Cancer incidence data were obtained from the Massachusetts Cancer Registry (MCR), of the MDPH, Bureau of Health Statistics, Research, and Evaluation, which has been monitoring cancer incidence in the state of Massachusetts since 1982. All newly diagnosed cancer cases are required by law to be reported to the MCR within six months of the date of diagnosis
(M.G.L. c. 11B). The 16-year period 1982-1997 constitutes the period for which the most recent and complete cancer incidence data were available at the time of this analysis. Cancer in general has a lengthy latency or development period that can range from 10 to 30 years and in some cases may be more than 40 or 50 years (Bang 1996, Frumpkin 1995). The latency period is the period between exposure to a disease causing agent and the appearance of manifestations of the disease (Last 1995). For the majority of tumors, the period between first exposure and the appearance of the tumor is 12 to 25 years. Therefore, this report summarizes cancer incidence data for the 11-year time period 1987-1997.
The MCR data are continually quality controlled so that corrections may be made in subsequent reports. Occasionally, the MCR research file may contain duplicate cases. For this analysis, each case of cancer was individually reviewed resulting in further refinement of the data that are included in the MCR City and Town Supplement Reports. In this evaluation, the MCR research file contained four duplicate cases of cancer.
To determine whether elevated numbers of cancer cases have occurred in the town of Scituate and each of its three CTs, cancer incidence data were analyzed by age and gender to compare the observed number of cancer cases to the number that would be expected based on the statewide cancer experience. Standardized incidence ratios (SIRs) were calculated for the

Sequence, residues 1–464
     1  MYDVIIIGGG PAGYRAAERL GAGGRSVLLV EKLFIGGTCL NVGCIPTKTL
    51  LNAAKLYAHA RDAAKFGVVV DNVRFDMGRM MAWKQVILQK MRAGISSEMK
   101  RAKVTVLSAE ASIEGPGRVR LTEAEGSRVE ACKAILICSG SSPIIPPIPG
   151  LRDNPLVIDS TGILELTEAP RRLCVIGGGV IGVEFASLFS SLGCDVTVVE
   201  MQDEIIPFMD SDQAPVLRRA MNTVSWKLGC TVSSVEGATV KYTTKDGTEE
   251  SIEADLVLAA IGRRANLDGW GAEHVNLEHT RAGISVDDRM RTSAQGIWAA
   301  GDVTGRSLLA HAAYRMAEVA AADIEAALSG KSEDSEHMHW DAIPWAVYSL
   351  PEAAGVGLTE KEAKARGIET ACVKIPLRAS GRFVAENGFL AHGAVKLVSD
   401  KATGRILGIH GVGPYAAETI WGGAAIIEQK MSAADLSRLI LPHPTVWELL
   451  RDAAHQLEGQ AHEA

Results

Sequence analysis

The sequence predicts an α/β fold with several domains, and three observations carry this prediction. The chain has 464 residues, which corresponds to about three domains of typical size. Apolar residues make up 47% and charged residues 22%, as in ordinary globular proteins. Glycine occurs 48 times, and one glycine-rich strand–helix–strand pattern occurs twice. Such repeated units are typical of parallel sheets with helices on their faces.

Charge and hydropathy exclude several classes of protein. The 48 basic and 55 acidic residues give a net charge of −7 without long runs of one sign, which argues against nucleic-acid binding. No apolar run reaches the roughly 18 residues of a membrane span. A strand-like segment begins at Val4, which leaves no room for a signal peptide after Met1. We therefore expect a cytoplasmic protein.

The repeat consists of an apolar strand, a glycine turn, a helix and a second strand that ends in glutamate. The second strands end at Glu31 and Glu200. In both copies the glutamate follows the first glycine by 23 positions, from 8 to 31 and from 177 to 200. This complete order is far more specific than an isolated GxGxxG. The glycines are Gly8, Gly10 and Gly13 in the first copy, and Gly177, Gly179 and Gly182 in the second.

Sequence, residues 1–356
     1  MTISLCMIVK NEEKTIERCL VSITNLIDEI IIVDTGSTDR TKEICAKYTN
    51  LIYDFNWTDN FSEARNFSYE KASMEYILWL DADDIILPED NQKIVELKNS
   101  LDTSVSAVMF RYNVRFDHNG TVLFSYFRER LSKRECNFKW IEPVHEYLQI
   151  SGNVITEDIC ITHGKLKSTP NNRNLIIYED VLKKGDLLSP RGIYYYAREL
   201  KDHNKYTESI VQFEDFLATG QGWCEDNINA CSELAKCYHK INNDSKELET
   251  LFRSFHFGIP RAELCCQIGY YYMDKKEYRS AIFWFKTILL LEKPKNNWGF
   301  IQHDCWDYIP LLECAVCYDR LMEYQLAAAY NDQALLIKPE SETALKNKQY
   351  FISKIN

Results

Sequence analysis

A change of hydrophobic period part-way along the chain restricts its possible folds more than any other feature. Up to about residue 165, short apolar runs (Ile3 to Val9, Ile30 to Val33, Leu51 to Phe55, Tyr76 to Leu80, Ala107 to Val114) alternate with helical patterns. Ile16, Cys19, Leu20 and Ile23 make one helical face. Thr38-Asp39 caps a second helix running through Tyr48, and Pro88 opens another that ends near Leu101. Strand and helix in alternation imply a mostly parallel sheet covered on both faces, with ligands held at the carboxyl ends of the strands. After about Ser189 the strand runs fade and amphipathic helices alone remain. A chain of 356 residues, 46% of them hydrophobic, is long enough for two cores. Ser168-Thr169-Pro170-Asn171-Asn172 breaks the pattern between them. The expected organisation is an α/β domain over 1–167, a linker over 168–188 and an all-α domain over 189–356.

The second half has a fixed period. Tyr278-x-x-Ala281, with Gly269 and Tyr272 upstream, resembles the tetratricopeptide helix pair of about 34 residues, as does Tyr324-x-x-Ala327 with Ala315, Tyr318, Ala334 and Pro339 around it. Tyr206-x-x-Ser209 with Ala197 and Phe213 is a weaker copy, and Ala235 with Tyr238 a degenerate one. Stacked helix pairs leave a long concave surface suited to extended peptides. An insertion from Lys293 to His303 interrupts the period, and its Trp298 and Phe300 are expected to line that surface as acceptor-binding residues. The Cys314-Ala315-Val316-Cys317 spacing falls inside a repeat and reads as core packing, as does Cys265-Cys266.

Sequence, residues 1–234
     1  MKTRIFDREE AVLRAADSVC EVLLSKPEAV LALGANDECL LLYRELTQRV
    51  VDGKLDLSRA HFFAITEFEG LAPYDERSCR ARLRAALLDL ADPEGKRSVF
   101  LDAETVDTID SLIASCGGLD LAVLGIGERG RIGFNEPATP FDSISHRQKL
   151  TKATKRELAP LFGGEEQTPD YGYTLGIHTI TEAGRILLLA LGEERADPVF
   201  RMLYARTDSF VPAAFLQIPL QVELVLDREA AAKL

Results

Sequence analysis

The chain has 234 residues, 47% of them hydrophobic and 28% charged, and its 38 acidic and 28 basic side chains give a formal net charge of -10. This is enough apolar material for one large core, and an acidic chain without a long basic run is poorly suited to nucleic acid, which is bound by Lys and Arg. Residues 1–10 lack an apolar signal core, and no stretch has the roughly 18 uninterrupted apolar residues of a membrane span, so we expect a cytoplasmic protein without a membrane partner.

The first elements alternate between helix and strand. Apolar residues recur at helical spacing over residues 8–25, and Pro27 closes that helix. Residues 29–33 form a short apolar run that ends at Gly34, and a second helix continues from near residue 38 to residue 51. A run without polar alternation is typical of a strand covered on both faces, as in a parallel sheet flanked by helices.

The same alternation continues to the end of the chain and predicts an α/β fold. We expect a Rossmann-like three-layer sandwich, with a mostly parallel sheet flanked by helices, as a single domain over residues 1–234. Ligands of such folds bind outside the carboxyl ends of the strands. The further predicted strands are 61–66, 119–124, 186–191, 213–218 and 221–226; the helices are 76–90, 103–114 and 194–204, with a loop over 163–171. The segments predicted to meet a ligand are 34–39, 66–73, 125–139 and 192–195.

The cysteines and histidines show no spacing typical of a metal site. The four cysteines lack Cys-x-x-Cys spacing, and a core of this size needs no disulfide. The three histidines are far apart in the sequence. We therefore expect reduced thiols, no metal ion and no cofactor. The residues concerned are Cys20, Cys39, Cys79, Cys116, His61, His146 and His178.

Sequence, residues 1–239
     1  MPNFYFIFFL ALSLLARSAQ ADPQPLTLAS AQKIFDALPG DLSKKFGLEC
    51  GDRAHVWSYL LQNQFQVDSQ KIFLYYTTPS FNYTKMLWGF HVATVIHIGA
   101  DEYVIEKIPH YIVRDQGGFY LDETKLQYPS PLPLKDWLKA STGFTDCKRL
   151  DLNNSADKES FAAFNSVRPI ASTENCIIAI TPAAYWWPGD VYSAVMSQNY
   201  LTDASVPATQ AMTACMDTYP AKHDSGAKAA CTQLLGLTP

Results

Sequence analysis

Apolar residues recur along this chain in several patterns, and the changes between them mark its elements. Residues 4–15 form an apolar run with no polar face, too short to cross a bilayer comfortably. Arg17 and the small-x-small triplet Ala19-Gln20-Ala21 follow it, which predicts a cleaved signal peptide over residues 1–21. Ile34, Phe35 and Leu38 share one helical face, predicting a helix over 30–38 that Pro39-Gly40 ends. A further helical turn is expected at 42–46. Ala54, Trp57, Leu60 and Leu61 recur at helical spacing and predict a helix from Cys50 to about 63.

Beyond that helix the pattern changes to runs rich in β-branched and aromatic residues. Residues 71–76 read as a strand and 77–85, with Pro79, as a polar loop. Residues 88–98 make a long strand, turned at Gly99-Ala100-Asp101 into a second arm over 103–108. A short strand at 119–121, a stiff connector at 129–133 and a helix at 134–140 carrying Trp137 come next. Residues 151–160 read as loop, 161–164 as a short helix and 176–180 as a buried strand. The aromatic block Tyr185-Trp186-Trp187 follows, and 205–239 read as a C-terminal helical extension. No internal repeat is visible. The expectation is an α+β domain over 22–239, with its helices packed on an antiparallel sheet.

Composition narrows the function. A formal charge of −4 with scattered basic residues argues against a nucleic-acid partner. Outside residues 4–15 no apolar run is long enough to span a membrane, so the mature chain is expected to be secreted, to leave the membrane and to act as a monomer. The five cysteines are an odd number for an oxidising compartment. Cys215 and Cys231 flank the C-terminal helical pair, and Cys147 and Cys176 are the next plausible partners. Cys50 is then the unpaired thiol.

time period 1987-1997 for the five cancer types evaluated (i.e., breast, kidney, leukemia, liver, testes).
Specifically, an SIR is the ratio of the observed number of cancer cases to the expected number of cases multiplied by 100. An SIR of 100 indicates that the number of cancer cases observed in the population evaluated is equal to the number of cancer cases expected. An SIR greater than 100 indicates that more cancer cases occurred than expected and an SIR less than 100 indicates that fewer cancer cases occurred than expected. For example, an SIR of
150 is interpreted as the occurrence of 50% more cases than expected. Likewise, an SIR of
90 indicates the occurrence of 10% fewer cases than expected.
To determine if the observed number of cases is significantly different from the expected number, or if the difference may be due solely to chance, a 95% confidence interval (95% CI) was calculated for each SIR (Rothman and Boice 1982). A 95% CI assesses the magnitude and stability of an SIR. Specifically, a 95% CI is the range of estimated SIR values that have a 95% probability of including the true SIR for the population. If the 95% CI range does not include the value 100, then the study population is significantly different from the comparison or “normal” population. “Significantly different” means there is less than 5% chance that the observed difference is the result of random fluctuation in the number of observed cancer cases. When an SIR is statistically significant, as indicated by an * symbol, there is a less than 5% chance that the observed number of cases is due to chance alone. SIRs and 95% CIs are not calculated when the observed number of cases is less than five. A more detailed explanation of the SIR and 95% CI is provided in Appendix A.
The geographic distribution of cancer cases in Scituate was determined using available address information from the MCR indicating residence at diagnosis. This information was mapped for each individual using a computerized geographic information system (GIS)
(ArcView 1996). This allowed for the assignment of CT location for each case as well as an evaluation of the spatial distribution of cases at a smaller geographic level (i.e., neighborhoods). The geographic distribution was assessed using a qualitative evaluation of the point pattern of cases within the town. In instances where the address information was
incomplete (i.e., did not include specific streets or street numbers), efforts were made to research those cases using town residential lists issued within two years of an individual’s diagnosis and site visits to the area.
The MCR routinely collects data related to risk factors for individual cancer cases (e.g., age, occupation). The available risk factor information from the MCR was evaluated for breast cancer, testicular cancer, leukemia, kidney cancer, and liver cancer. However, information about personal risk factors (e.g., family history, hormonal events, and diet) which may also influence the development of cancer, is not collected by the MCR and, therefore, could not be evaluated in this investigation.